Propaganda for a Perfect Stranger: The Image of Writing in Chosŏnhwa Portraits of Lim Su-kyung
Douglas Gabriel, Northwestern University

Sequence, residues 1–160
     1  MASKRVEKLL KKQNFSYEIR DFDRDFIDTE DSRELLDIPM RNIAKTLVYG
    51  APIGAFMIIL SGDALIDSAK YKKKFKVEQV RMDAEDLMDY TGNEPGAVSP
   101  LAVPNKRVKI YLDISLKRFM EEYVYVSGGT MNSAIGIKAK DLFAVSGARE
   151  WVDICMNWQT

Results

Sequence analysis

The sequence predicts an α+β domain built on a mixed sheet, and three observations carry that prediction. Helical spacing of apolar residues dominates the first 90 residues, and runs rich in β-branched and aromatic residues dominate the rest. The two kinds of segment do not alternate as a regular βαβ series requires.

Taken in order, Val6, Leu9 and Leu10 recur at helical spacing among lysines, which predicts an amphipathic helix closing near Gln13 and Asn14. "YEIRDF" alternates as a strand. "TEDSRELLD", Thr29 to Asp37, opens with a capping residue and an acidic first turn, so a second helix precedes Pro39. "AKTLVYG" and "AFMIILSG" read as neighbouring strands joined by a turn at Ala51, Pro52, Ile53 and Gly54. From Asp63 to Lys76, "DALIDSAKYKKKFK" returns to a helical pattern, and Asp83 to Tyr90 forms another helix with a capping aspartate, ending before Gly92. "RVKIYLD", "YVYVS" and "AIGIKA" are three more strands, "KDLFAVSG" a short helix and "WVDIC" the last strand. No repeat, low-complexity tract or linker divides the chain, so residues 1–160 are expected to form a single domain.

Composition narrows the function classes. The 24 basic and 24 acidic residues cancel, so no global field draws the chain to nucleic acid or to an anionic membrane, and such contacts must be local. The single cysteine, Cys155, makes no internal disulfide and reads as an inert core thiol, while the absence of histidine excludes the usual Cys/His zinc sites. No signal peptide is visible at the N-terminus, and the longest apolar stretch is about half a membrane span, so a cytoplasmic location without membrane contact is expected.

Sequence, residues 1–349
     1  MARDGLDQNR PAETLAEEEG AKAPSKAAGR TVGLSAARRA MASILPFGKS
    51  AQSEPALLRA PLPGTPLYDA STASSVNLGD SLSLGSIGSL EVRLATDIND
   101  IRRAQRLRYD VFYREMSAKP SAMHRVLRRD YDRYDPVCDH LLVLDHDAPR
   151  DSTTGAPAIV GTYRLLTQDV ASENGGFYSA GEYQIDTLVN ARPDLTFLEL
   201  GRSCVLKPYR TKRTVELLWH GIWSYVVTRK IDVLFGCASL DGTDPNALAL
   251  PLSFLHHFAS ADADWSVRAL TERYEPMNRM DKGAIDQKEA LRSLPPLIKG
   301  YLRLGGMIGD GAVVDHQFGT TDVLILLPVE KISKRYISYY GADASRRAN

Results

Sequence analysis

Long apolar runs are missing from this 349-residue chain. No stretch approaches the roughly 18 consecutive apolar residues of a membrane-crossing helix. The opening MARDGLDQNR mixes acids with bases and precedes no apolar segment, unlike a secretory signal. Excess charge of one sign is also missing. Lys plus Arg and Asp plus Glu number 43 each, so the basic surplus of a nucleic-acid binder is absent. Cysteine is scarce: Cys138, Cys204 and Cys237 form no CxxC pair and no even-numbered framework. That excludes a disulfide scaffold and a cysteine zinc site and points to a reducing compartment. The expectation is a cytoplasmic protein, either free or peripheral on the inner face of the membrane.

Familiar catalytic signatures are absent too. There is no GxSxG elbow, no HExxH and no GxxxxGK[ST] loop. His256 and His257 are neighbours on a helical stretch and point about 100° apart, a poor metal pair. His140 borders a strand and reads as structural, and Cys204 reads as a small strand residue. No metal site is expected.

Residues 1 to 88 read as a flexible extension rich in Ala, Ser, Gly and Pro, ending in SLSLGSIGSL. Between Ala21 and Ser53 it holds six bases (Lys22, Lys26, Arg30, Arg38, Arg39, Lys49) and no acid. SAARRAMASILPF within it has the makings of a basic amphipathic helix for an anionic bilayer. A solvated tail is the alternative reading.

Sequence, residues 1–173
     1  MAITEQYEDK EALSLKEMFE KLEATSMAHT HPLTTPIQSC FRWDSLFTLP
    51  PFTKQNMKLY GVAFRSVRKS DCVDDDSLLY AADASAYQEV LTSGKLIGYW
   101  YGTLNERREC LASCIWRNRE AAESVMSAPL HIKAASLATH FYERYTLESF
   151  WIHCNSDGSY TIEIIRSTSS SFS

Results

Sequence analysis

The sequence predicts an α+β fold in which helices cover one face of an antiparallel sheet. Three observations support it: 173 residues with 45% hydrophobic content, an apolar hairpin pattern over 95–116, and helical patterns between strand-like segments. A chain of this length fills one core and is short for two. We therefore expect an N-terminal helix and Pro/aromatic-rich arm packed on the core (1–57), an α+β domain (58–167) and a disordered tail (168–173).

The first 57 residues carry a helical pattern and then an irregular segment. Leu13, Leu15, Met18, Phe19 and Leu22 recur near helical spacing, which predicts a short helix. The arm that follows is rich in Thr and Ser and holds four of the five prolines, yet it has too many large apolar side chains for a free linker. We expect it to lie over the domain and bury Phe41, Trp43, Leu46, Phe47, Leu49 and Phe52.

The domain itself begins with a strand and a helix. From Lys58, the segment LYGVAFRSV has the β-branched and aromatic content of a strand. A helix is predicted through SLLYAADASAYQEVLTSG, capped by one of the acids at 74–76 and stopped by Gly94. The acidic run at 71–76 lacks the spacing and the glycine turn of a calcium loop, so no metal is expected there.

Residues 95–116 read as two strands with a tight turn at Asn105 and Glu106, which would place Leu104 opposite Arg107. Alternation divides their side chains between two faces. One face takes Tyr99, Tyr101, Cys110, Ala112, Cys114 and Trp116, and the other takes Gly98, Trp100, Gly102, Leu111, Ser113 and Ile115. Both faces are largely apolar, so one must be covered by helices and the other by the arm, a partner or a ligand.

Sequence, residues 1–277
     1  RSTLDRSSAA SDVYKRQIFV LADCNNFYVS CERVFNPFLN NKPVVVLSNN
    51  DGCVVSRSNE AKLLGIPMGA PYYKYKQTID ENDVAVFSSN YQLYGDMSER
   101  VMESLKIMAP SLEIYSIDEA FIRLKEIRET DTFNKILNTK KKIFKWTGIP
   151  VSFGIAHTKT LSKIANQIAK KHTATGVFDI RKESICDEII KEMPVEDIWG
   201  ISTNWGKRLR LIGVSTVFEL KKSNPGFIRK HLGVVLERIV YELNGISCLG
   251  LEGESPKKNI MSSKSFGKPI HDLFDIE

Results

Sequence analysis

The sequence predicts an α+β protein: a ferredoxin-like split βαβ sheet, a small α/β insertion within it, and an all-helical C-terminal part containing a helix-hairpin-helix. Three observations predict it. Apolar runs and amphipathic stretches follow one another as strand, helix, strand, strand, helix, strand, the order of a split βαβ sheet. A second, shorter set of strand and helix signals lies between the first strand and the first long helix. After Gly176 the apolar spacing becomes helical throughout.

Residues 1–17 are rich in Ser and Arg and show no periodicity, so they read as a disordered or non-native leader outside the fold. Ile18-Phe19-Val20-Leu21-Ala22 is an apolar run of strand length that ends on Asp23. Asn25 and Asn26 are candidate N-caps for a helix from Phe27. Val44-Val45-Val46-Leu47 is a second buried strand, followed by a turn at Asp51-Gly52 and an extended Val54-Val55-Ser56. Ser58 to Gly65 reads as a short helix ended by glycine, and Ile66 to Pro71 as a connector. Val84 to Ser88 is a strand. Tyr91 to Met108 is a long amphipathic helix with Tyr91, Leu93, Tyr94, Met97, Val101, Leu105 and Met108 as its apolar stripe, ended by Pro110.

This paper reads a series of chosŏnhwa (North Korean ink painting) portraits of Lim Su-kyung, a South Korean student activist who travelled to North Korea illegally in 1989. As Lim became a pivotal icon in the North Korean image repertoire, North Korean painters regularly depicted her as a central figure in environments typically reserved for the Great Leader Kim Il-sung. I demonstrate that in their portraits of Lim, artists such as Kim Song-min (b. 1949) and Lee Chang (b. 1942) inventively oscillated between calligraphic mark making and pictorial illusion, extending antecedent models of socialist realism by tethering the representational image to the act of linguistic inscription. Produced during the late Cold War period, when the project of socialist realism appeared increasingly untenable, these works present the confident futurity implicit in the socialist realist image as paradoxically contingent on the semiotic indeterminacy of the written mark.